However, it doesn't stop people from beating their chests and declaring what we should be doing like drunken armchair quarterbacks.

Wednesday, March 16, 2011

Linkee-poo is working it's adenoids to the bones

Working like a mad man down here in Florida. Taking my moments to surface, walk around, and take sips of the internet.

The Ferrett talks about slush reading over at Shimmer.

I have a lot of thoughts regarding both the disasters in Japan (quakes and resulting tsunami) and the ensuing nuclear issues, but not enough time to get them out. If you want some good information and perspective, I suggest Catherine Shaffer's blog. And here I'll end with my two observations earlier today, I'm feeling distinctly like Zaphod Beeblebrox in "Young Zaphod Plays It Safe." (That link, BTW, is copyright infringement) Also, the Japanese are saying this is not a Chernobyl or a Three Mile Island. And their correct. In the future we will call this a "Fukushima." And finally, I think we can pretty well kiss the nuclear power renaissance good night, especially if we end up with a large nuclear fire/explosion (no, it won't go off like an atom bomb, and it won't Chernobyl, but they can't confirm the water level in a spent fuel pond - very bad).

Another way that spending a little, saves a lot. I don't think most people know that Right-To-Life also has platforms on no birth control, no family planning, and no sex education. They know if they pushed it, they would lose a good percentage of their support. Maybe they've over played their hand with this Congress. I doubt it, but I can also hope. (Grokked from Jay Lake)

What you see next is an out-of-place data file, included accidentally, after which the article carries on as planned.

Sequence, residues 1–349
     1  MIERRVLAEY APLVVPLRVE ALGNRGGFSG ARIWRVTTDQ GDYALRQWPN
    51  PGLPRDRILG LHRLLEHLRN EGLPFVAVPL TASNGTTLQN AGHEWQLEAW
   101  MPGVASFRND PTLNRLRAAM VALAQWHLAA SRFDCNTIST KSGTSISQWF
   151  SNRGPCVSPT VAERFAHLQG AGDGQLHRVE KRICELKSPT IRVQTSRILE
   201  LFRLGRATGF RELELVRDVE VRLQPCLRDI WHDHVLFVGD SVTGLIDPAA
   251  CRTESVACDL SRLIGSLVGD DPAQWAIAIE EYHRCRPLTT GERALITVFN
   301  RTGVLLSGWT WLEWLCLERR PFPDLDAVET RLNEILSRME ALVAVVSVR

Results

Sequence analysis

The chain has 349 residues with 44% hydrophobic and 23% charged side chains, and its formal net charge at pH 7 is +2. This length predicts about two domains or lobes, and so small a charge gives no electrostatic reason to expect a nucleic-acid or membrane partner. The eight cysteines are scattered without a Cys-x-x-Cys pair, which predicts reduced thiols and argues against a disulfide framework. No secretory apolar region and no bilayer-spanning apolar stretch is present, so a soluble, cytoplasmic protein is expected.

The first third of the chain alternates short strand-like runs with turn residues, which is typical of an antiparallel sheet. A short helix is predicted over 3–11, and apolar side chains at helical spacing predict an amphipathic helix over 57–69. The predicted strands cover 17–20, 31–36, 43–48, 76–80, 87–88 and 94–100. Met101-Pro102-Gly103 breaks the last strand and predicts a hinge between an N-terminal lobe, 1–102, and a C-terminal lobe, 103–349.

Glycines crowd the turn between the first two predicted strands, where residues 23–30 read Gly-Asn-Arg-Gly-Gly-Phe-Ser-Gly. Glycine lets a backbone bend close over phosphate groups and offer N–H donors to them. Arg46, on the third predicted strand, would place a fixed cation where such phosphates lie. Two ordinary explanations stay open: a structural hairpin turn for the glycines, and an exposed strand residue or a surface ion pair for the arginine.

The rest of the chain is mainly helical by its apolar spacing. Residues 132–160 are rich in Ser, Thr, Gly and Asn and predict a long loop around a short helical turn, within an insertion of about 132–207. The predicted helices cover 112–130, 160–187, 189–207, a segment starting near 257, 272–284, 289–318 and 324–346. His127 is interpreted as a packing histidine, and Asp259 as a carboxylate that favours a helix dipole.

Monday, March 14, 2011

Going out to the country, trying to get away

Went from here


To here


Finally to here


You know, for there being this economic downturn, the airports were awfully busy and both my flights were 100% booked. Joy. And the person sitting next to me on the flight to Tallahassee kept sneezing. Yeah. It's been a fun day. And I had forgotten how different navigating in the South is as compared to the North. Weird city layout. Hello land use planning. I guess it's too late anyway.

So here I be, working my tail feathers to the nubs. What, you thought I was on a real Spring Break. Har! I'm working at a vendor's office this week to do team building (which, after 5 years of management consulting I could do over the phone) and work "that just couldn't be done long distance" (not that I agree, but here I am anyway).

You gotta do what you gotta do.

On the way down I brought David Sidaris' "Squirrel Seeks Chipmonk." Hilarious. Don't let the sweet cover fool you, these are not stories for kids. Just the cussing rules it out. Unfortunately I had forgotten just how fast I can read when I'm not distracted by shiny things or cats that just absolutely have to have attention paid to them or they will kill us in our sleep. I read the book twice. It's the only hard copy book I brought with me (although I have plenty on the Touch, I didn't want to look pretentious). Good news for me, though, is while searching for a grocery (have you seen the insanely small sizes of the waters in hotel vending machines?) I also found a Books-a-Million. So I might be going home with my own souvenir.